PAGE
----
The Grammarphobia Blog

Frankenly speaking

Q: I keep hearing the recent weather disaster on the East Coast referred to as “Frankenstorm.” I assume this just means it was a monster storm. But how does a usage like that get started and spread so fast?

A: The name has caught on because it’s both catchy and appropriate.

Not only was this a monstrous storm, but like Frankenstein’s monster it was cobbled together from disparate parts—an Atlantic hurricane moving up from the tropics, a cold front from the west, a blast of arctic air from the north, and high tides.

We can almost imagine Mother Nature, like the scientist Victor Frankenstein, looking upon her creation and shouting, “It’s alive! It’s alive!”

During the recent storm, it was widely reported that “Frankenstorm” was coined on Oct. 25, 2012, by Jim Cisco, a weather forecaster for the National Oceanic and Atmospheric Administration, as Hurricane Sandy was heading up the coast.

But in fact the term “Frankenstorm” had cropped up a couple of years earlier, in January 2010, when scientists in California were studying the potential impact of a monster storm.

As the Associated Press reported, the scientists at Cal Tech stitched together data from earlier disasters and dubbed their hypothetical model a “Frankenstorm.”

No matter who came up with the name, it’s certain to be resurrected again.

In fact, the combining form “Franken-” has been used for at least several decades to form words for unnatural creations.

The Oxford English Dictionary’s earliest example is “Frankenfood,” a term that first showed up in a letter to the editor of the New York Times in 1992. Writing in response to an article about genetically engineered crops, Paul Lewis, a professor of English at Boston College, wrote:

“Ever since Mary Shelley’s baron rolled his improved human out of the lab, scientists have been bringing just such good things to life. If they want to sell us Frankenfood, perhaps it’s time to gather the villagers, light some torches and head to the castle.”

A bit of googling, however, finds several earlier examples, including Franken Berry (1971), a monster-themed cereal, Frankenweenie (1984), an animated short about a boy who brings his dog back to life, and Frankenhooker (1990), a film about a medical-school dropout who raises his girlfriend from the dead.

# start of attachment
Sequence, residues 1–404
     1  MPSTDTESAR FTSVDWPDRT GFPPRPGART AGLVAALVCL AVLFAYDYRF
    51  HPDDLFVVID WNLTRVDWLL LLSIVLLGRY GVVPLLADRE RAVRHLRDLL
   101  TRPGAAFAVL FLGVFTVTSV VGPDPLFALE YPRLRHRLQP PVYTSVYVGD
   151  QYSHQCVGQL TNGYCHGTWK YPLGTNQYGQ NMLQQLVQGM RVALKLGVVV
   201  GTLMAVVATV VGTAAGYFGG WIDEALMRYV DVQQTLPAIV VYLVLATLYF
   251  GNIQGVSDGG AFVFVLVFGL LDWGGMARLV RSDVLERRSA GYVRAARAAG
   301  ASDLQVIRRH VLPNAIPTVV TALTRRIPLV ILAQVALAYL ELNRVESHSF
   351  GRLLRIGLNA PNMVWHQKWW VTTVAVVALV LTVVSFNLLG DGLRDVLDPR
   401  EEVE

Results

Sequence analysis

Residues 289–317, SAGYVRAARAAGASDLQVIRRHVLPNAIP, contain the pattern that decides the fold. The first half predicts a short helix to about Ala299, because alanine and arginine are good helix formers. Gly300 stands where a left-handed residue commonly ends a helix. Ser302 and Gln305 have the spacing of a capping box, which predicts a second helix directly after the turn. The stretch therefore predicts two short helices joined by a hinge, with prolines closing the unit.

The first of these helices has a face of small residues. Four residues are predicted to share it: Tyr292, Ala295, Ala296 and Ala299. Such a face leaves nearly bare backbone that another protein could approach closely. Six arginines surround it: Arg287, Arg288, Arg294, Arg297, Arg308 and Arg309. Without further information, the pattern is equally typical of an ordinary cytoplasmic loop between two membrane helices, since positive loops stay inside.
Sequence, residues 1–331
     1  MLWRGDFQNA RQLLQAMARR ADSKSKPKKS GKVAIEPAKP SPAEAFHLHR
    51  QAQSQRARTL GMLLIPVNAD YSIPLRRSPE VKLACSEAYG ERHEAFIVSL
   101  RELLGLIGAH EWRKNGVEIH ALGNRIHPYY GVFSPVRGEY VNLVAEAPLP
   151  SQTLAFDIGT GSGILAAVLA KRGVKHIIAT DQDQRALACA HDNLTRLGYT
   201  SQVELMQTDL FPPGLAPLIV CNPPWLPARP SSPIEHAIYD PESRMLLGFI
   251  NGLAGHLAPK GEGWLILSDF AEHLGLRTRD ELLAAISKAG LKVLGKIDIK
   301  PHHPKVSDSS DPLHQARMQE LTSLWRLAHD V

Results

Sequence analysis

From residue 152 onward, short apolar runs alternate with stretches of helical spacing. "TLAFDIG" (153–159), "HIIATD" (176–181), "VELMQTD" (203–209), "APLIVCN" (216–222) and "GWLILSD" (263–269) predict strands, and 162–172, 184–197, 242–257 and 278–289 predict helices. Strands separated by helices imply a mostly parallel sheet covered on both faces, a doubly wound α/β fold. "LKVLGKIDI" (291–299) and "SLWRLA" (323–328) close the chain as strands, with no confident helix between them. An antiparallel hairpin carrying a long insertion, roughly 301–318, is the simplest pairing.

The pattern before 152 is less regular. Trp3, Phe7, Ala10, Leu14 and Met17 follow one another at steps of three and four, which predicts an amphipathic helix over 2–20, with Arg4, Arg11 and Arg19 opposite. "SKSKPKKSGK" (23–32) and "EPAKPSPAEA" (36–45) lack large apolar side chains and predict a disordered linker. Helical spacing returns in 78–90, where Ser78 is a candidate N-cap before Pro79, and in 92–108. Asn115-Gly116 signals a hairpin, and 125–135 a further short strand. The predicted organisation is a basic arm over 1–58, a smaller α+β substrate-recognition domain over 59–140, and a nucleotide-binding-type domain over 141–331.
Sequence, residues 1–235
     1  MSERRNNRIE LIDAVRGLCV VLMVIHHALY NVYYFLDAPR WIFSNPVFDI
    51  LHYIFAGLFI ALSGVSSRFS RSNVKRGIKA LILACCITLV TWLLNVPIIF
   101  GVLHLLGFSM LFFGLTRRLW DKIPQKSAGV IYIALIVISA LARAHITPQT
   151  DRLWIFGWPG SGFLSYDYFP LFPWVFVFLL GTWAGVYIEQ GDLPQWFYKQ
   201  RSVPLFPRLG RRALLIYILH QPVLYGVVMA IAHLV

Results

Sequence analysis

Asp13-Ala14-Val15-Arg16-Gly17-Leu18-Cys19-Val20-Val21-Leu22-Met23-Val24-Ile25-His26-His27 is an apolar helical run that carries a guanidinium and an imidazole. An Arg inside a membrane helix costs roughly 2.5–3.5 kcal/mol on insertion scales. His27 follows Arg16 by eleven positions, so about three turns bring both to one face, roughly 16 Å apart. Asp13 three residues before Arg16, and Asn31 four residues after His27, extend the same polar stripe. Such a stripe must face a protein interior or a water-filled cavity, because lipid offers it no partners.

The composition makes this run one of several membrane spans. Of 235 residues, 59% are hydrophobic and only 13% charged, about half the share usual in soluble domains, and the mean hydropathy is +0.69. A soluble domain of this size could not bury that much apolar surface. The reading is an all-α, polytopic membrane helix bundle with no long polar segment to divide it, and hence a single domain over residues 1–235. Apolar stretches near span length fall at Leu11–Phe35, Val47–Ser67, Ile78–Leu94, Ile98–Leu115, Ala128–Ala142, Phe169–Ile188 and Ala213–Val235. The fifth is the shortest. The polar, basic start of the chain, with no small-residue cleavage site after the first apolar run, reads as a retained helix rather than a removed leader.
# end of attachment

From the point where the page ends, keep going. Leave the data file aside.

The OED says the word element “Franken-” is used to form nouns that convey the sense of “genetically modified” or “relating to genetic modification.”

Besides “Frankenfood,” the OED cites the use of terms like “Frankenfruit,” “Frankenplants,” and “Frankenscience.” (Sometimes the words are capitalized and sometimes not.)

Oxford notes an earlier usage, “Frankenstein food,” first used in 1989 and meaning food that’s genetically altered or irradiated.

Now, of course, “Franken-” is used more broadly for things put together in odd, unnatural, or monstrous ways. We’ve seen “Frankenbike” (a bicycle made of scavenged parts), “Frankenbite” (a patched-together sound bite), and “Frankenstrat” (Eddie Van Halen’s guitar, a Stratocaster body plus miscellaneous parts).

A contributor to the American Dialect Society’s discussion group recently quipped that if you were to create a senator from Minnesota out of senatorial body parts, you’d get a “Frankenfranken.”

The OED naturally traces all this to the noun “Frankenstein,” which comes from “the name of Victor Frankenstein, the title-character of Mary Shelley’s romance Frankenstein (1818), who constructed a human monster and endowed it with life.”

Shelley’s book didn’t refer to the creature itself as “Frankenstein.” But the name, according to the OED, is “commonly misused allusively as a typical name for a monster who is a terror to his originator and ends by destroying him.”

The  British Prime Minister William Gladstone was the first to use the name for the monster and not its creator, according to Oxford. In speaking of mules, which are a cross between a donkey and a horse, Gladstone was quoted as saying in 1838, “They really seem like Frankensteins of the animal creation.”

The term has been used that way ever since, as in this OED citation from London’s Daily Telegraph (1971): “There are now growing indications that the Nationalists in South Africa have created a political Frankenstein which is pointing the way to a non-White political revival.”

But what’s really kept the wider used of “Frankenstein” and “Franken-” alive are the many films inspired by Shelley’s book, beginning with the Universal Studios original, Frankenstein (1931), starring Boris Karloff.

After that, the deluge. Sequels included Bride of Frankenstein (1935), Son of Frankenstein (1939), The Ghost of Frankenstein (1942), Frankenstein Meets the Wolf Man (1943), House of Frankenstein (1944), Abbott and Costello Meet Frankenstein (1948), and so on for decades to come.

Our favorite adaptation is Mel Brooks’s hilarious Young Frankenstein (1974), in which Gene Wilder, playing a descendant of the original Dr. Frankenstein, has a dance number with the monster and insists that his name be pronounced FRONK-en-steen.

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